If you have an ACS member number, please enter it here so we can link this account to your membership. (optional)

ACS values your privacy. By submitting your information, you are gaining access to C&EN and subscribing to our weekly newsletter. We use the information you provide to make your reading experience better, and we will never sell your data to third party members.



New way to make chiral arenes

Combined chemical and biocatalytic method installs group important in drug design

by Stu Borman
April 21, 2017 | A version of this story appeared in Volume 95, Issue 17

Two steps
Scheme for two-step process shows use of carbene generation and engineered myoglobins to add trifluorocyclopropyl groups to arene substrates.
Credit: Courtesy of Rudi Fasan
The process uses carbene generation and engineered myoglobins to add trifluoromethylcyclopropyl groups to arene substrates.

A trifluoromethyl-substituted cyclopropane group can play a key role in a drug candidate. The group’s rigid cyclopropyl ring can increase the compound’s lipophilicity and metabolic stability while its fluorines can boost the candidate’s stability and ability to permeate membranes. But installing trifluoromethylcyclopropyl groups in a highly enantioselective manner is hard.

A team led by Rudi Fasan at the University of Rochester now reports a combined chemical and biocatalytic approach that could make it easier to add trifluoromethylcyclopropyl groups to compounds enantioselectively for drug design (J. Am. Chem. Soc. 2017, DOI: 10.1021/jacs.7b00768).

Erick M. Carreira of the Swiss Federal Institute of Technology (ETH), Zurich, and coworkers developed the only previous method for adding the fluorinated groups in a fairly stereoselective manner. In that technique, cobalt catalysts generate trans-trifluoromethylcyclopropyl derivatives of arene substrates with enantiomeric excesses between 84 and 94% (Angew. Chem. Int. Ed. 2011, DOI: 10.1002/anie.201004269).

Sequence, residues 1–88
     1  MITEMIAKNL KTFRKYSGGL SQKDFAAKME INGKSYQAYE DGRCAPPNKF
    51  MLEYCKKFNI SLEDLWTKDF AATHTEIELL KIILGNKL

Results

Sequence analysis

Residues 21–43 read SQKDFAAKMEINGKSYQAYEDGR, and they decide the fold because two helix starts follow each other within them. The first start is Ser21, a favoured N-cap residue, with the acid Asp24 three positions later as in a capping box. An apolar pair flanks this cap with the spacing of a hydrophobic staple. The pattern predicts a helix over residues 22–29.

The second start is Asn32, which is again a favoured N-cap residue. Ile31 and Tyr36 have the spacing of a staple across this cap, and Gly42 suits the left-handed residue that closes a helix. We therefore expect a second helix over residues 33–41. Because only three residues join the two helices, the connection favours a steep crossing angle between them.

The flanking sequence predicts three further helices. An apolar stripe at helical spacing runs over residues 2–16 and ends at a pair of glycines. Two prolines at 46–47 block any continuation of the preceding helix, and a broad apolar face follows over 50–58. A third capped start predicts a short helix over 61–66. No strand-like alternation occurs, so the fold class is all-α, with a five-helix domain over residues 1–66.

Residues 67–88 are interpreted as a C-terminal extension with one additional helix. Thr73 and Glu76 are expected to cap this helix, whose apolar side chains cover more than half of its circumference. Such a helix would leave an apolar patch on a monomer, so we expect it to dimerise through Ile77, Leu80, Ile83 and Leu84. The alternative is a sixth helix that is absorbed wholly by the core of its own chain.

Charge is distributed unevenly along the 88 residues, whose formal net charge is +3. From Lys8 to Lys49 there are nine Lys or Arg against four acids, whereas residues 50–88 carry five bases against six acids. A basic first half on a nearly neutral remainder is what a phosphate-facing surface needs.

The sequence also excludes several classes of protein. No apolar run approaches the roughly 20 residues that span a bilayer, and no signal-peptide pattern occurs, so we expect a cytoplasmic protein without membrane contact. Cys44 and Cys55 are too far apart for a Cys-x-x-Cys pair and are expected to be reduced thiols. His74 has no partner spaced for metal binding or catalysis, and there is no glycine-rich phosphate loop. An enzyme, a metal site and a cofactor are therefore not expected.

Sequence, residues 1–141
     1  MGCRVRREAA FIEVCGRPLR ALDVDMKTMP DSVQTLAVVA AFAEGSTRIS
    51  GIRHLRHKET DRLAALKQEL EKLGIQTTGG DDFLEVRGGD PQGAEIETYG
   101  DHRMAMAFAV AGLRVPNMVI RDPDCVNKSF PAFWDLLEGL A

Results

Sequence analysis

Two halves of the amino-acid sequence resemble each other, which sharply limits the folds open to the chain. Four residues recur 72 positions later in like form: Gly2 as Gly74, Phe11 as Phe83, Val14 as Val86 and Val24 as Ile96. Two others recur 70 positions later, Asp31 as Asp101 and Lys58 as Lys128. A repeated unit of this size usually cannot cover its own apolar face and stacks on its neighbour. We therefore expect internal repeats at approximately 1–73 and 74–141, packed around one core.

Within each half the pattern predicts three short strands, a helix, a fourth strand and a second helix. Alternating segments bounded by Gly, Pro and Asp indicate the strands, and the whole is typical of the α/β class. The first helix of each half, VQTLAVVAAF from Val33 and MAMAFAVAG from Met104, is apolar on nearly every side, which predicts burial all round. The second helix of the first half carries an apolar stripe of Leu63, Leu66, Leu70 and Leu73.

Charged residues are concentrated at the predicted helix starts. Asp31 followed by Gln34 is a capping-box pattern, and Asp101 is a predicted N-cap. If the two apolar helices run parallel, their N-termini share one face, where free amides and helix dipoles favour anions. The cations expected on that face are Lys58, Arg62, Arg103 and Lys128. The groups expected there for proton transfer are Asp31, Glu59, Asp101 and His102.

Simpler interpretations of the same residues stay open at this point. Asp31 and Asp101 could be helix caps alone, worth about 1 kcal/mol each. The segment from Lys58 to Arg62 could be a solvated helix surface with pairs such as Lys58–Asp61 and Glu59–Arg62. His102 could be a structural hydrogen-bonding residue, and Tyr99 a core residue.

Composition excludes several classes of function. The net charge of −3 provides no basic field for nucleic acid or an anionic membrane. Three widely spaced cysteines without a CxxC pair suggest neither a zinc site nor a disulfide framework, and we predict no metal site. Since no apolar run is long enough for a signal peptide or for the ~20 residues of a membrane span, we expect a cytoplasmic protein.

Fasan notes that medicinal chemists prefer to use reactions with enantiomeric excesses greater than 98% to minimize the difficulties of purifying away unwanted enantiomers. Fasan’s new method provides enantiomeric excesses between 97 and 99.9% and has much shorter reaction times and 50 times the catalytic efficiency of the earlier method.

In the Fasan group’s technique, the researchers first convert trifluoroethylamine to a carbene donor reagent, diazotrifluoroethane. They then mix the reagent with bacterial cells expressing an engineered myoglobin, which catalyzes carbene addition to aryl olefin substrates, yielding trans-trifluoromethylcyclopropyl arenes. The scientists created multiple versions of the engineered myoglobins that can catalyze the synthesis of each of the two enantiomers for each addition product.

The chemical and biocatalytic reactions are not compatible. So the chemists carry out the two steps sequentially in two different pots to keep them separate.

Researchers have used myoglobin and other biocatalysts to transfer carbenes to substrates before, but those previous methods all used α-diazoacetate carbene donors. The new technique expands the range of biocatalytic carbene transformations to diazotrifluoroethane carbene donors.

“It is a great piece of work,” Carreira says. “It combines chemical and biocatalytic steps to make nontrivial, highly enantioselective cyclopropanation reactions possible. It is a win-win for chemistry, biology, and catalysis in general.”



This article has been sent to the following recipient:

Chemistry matters. Join us to get the news you need.